Aflatoxins have been the subject of many pet food recalls. Aflatoxins are mycotoxins which cause acute lethal illness and cancer in both humans and pets. Symptoms of aflatoxicosis in pets include vomiting combined with bloody diarrhea, loss of appetite, fever, sluggishness, and jaundice.
When the seed coat of a corn plant is damaged through exposure to extremely dry, hot conditions, mold infestation is the result. These molds produce metabolites called aflatoxins. Due to their behavior it can be difficult to control or minimize the aflatoxin contamination. There can be sections of plants in the field or in storage that heavily contaminated while the rest of the crop is relatively mold free. Therefore random samplings can give misleading results.
On top of the risk for aflatoxin contamination, corn has a high glycemix index, which is a way of measuring the tendency of a specific food to raise an animals blood sugar. The higher the index, the greater the risk of an unhealthy rise in blood sugar.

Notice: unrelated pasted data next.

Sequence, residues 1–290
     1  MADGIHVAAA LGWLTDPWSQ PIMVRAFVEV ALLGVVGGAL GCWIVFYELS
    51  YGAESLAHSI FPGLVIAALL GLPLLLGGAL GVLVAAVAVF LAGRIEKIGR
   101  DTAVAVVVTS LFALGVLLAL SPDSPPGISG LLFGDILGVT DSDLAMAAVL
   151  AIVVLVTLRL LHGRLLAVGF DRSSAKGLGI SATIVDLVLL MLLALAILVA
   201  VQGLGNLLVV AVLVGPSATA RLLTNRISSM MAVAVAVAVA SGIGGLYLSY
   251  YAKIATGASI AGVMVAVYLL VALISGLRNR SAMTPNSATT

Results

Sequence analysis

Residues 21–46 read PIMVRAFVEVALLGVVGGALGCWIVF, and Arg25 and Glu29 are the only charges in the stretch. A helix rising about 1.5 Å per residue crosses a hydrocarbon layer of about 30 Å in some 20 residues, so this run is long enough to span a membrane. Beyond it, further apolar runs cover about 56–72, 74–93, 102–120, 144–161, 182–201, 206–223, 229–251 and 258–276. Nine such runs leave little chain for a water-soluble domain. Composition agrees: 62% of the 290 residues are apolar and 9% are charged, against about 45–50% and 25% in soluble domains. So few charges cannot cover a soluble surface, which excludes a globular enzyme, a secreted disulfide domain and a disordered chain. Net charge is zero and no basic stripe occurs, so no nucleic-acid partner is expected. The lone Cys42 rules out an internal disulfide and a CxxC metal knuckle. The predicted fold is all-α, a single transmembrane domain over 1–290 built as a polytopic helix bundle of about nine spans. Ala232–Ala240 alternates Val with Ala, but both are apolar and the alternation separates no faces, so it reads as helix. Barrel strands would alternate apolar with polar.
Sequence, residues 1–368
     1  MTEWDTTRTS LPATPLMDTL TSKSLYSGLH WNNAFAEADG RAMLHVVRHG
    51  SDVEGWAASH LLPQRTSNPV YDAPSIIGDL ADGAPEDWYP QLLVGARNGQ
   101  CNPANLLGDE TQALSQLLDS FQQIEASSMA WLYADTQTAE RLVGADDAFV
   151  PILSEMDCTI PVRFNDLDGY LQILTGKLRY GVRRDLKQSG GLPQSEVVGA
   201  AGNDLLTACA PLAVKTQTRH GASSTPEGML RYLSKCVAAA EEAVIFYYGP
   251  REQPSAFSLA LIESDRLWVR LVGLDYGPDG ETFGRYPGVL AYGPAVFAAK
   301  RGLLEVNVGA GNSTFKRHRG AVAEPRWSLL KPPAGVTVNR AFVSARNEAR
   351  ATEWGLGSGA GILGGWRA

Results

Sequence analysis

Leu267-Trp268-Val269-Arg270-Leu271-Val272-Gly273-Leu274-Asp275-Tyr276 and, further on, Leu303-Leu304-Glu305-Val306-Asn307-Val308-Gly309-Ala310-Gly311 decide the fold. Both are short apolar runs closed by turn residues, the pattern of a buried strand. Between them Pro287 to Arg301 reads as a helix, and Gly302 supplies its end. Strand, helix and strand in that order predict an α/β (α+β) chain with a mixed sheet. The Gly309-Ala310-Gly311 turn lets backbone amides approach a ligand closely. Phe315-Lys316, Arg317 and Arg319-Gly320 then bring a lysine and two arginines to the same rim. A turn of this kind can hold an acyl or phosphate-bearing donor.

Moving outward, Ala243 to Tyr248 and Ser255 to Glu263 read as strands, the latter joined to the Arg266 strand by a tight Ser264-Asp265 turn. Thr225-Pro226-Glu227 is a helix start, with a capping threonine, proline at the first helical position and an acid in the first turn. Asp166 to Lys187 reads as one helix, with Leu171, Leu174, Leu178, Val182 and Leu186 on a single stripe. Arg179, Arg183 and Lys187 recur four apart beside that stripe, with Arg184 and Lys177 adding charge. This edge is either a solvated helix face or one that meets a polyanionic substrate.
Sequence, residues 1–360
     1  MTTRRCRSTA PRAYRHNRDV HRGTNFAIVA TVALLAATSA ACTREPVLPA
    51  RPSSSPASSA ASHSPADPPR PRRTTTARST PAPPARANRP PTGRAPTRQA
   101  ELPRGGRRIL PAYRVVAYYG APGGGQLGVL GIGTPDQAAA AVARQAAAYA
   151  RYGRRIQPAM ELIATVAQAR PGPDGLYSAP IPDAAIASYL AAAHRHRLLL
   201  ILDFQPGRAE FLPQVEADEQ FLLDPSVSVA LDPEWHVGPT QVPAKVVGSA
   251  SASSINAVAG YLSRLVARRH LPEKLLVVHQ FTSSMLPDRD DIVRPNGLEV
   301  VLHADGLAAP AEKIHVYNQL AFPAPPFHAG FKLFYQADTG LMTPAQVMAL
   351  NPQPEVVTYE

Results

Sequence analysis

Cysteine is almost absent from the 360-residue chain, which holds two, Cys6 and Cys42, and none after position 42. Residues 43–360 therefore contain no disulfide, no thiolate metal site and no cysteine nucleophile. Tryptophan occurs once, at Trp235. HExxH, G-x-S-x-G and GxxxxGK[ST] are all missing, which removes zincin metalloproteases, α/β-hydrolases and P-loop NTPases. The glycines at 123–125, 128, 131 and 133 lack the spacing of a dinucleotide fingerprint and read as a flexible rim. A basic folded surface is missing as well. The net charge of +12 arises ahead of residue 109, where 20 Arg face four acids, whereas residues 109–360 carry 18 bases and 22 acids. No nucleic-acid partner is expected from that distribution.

Here are the actual glycemic index figures for a few common dog food ingredients…
Corn can be the cause of allergies. While the allergy may not be to corn itself but rather the contaminants within the grain.
As a whole grain, corn is not easily digestible. The finer it’s ground the more digestible corn will be, but also the higher the glycemic index.
Some pet food manufacturers like to point out that corn is an exceptional source of energy, especially for working dogs. Corn is a carb, your pet should not be receiving it’s protein through carbs. Meat contains significantly more energy than corn.
Why is corn used so abundantly in today’s commercial pet foods?
- Carbs are cheap
- Carbs are vital to the kibbling process
Keep in mind that when there is an ingredient in our pets food, they consume it for every meal, everyday.